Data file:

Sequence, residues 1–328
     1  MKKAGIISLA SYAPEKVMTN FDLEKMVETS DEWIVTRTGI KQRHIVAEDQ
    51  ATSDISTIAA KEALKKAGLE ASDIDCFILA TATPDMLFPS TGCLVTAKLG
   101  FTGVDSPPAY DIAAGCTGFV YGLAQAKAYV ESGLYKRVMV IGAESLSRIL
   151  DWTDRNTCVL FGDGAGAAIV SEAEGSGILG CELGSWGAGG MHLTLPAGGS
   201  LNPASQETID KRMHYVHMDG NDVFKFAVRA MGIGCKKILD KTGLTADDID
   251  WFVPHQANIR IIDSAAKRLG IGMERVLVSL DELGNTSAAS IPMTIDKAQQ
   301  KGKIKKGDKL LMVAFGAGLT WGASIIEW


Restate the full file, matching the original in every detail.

Sequence, residues 1–328
     1  MKKAGIISLA SYAPEKVMTN FDLEKMVETS DEWIVTRTGI KQRHIVAEDQ
    51  ATSDISTIAA KEALKKAGLE ASDIDCFILA TATPDMLFPS TGCLVTAKLG
   101  FTGVDSPPAY DIAAGCTGFV YGLAQAKAYV ESGLYKRVMV IGAESLSRIL
   151  DWTDRNTCVL FGDGAGAAIV SEAEGSGILG CELGSWGAGG MHLTLPAGGS
   201  LNPASQETID KRMHYVHMDG NDVFKFAVRA MGIGCKKILD KTGLTADDID
   251  WFVPHQANIR IIDSAAKRLG IGMERVLVSL DELGNTSAAS IPMTIDKAQQ
   301  KGKIKKGDKL LMVAFGAGLT WGASIIEW